Marijuana: Denver 4/20 festival argues Civic Center Park is its home, so smoking is allowed

The Denver Police Department has historically looked the other way in regard to marijuana smoking during the annual 4/20 rally at Civic Center Park. But as we reported a few days back, rally organizers are concerned about threats to issue citations this year -- so much so that fest attorney Rob Corry has sent a letter to Denver's mayor and members of city council (see it below) offering a unique argument for why this activity should be permitted: smoking is allowed at home, and the park is the rally's home. Corry, who was himself cited for public pot smoking at Coors Field last September, notes in the letter that he was among those who helped draft Amendment 64, the measure that allows adults 21 and over to use and possess small amounts of marijuana. As such, he argues that those behind the law intended to promote "the efficient use of law enforcement resources," as well as "individual freedom," when it comes to cannabis.

He then quotes a passage from the amendment establishing that any entity that "occupies, owns or controls a property" has the right to regulate marijuana use there as a way of underscoring the maxim, "A man's home is his castle." And, he adds, "On 4/20, Denver's Civic Center Park is our 'Castle.'"

The letter adds: "As the permit holder for Civic Center Park on April 19-20, 2014, and consequently the entity that 'occupies or controls' this property, my clients and I respectfully advise the City and County of Denver that we will be 'otherwise regulating' the 'possession, consumption, use, display, transfer, distribution, sale, transportation, or growing of marijuana' by permitting the 'possession,' 'consumption,' 'use,' 'display,' 'transfer,' 'distribution,' and 'transportation' of marijuana by adults age 21+, and by 'prohibiting' the 'sale' and 'growing' of marijuana in the permitted area of Civic Center Park on April 19-20, 2014 during the permitted periods for the Annual 420 Rally."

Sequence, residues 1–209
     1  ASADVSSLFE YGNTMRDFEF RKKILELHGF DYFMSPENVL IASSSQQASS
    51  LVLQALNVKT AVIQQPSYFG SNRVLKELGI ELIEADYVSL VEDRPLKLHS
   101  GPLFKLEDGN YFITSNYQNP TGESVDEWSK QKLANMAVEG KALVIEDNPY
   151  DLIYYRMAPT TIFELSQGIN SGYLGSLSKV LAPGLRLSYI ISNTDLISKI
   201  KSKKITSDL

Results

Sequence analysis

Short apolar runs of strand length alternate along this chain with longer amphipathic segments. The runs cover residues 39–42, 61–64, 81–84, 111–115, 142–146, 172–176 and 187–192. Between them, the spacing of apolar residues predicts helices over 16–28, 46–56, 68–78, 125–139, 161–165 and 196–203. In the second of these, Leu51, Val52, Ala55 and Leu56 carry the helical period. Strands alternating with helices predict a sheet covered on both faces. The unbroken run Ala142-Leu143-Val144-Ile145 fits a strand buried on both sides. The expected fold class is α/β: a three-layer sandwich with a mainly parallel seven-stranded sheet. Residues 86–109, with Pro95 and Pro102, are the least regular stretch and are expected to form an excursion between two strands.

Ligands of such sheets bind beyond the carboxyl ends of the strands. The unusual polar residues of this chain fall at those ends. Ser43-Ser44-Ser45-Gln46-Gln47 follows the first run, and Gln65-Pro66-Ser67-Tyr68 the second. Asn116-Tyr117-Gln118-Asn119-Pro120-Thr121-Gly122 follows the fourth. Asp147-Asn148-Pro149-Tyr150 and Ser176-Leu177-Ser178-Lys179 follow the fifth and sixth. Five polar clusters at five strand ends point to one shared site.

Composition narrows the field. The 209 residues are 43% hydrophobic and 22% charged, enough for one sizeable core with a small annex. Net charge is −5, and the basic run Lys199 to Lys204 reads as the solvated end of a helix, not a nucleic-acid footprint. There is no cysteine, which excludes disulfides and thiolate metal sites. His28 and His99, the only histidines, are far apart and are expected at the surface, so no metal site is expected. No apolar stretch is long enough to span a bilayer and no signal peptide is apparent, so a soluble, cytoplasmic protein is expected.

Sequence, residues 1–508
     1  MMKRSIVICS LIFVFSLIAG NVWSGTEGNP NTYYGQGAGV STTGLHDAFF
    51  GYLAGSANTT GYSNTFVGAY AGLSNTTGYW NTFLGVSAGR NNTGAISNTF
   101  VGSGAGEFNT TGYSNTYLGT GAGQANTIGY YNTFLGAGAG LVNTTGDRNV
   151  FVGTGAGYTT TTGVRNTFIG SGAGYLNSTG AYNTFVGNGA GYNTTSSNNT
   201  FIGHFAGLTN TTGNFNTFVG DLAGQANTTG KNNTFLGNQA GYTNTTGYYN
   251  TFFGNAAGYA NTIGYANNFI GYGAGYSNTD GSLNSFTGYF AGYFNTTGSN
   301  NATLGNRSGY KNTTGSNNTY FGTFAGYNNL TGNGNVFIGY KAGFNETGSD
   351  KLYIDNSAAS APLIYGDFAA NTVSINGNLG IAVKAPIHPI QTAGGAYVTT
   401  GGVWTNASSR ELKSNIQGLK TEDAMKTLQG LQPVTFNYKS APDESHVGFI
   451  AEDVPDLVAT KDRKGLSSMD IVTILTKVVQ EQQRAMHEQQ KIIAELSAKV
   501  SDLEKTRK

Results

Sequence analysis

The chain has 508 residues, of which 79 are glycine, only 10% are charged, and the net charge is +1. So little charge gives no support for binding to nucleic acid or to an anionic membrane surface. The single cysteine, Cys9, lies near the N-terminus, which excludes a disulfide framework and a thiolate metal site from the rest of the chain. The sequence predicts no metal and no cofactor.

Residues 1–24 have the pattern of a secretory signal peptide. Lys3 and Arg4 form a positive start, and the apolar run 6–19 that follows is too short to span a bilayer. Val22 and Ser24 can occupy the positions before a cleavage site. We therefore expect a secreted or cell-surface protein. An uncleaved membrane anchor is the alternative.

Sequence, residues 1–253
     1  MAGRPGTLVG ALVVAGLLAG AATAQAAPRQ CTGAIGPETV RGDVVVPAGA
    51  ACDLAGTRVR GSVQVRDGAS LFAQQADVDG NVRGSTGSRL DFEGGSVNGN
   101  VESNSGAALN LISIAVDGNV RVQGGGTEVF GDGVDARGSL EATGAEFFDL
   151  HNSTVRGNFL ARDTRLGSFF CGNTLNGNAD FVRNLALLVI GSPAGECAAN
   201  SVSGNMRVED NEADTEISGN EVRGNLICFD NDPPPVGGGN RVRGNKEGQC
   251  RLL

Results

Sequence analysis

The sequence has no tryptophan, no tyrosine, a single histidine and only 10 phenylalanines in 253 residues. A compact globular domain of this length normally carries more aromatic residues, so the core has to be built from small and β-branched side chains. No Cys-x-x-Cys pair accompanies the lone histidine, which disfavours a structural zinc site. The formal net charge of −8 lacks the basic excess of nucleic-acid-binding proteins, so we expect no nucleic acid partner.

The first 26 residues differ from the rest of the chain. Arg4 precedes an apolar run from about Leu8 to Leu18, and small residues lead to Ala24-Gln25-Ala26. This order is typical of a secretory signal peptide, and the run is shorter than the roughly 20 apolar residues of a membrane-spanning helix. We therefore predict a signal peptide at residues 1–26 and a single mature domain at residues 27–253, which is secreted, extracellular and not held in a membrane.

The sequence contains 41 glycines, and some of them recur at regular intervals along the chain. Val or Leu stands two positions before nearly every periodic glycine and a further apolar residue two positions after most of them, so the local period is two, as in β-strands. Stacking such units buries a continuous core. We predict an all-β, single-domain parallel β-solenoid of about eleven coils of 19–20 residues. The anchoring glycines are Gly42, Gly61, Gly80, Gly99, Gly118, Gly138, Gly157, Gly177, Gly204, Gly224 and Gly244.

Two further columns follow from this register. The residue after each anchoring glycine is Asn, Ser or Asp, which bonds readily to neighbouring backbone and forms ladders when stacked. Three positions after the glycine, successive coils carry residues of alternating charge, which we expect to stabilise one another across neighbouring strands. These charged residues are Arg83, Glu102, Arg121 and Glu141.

Is this assertion simply a political chess move meant to stave off a crackdown or a legally plausible position? Continue for more about the possibility of citations at this year's 4/20 rally, including the complete Rob Corry letter. The latter, Corry claims: He maintains that the distribution of the letter "would furnish a plausible defense to anyone cited for marijuana-related offenses during the Rally."

He also says he will continue his policy of offering free legal assistance to anyone cited for marijuana smoking at the rally, no matter how many of them there are.

Of course, politics are hardly absent from the missive. Corry subsequently takes a shot at "a fringe minority fraction of the Denver City Council," which "has engaged in irresponsibly belligerent threats about an alleged increased Police enforcement of petty offenses this year at the 420 Rally." He also scoffs at the assertion that Civic Center Park is "an urban 'crown jewel' where parents can take their children to picnic." No families with children picnic there, he allows, because "the only times that park is safe is during permitted events. Otherwise, the City has abdicated any interest in protecting and valuing this space, and has surrendered it."

The bottom line from Corry's perspective: 4/20 is "a Marijuana Holiday," and "attempts to stop such reality would be unwise, wasteful, excessive, unnecessary, potentially dangerous, and would contribute to an erosion of public respect for law enforcement. Denver Police might as well try to stop public consumption of alcohol by tailgaters in the parking lot before a Bronco game. Such would be equally ridiculous and absurd."

Here's the complete letter:

Denver 420 Festival Letter

Send your story tips to the author, Michael Roberts.

More from our Marijuana archive circa February 17: "Denver 4/20 rally 2014 preview: Peaceful message -- and pot-smoking citations?"

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Michael Roberts has written for Westword since October 1990, serving stints as music editor and media columnist. He currently covers everything from breaking news and politics to sports and stories that defy categorization.
Contact: Michael Roberts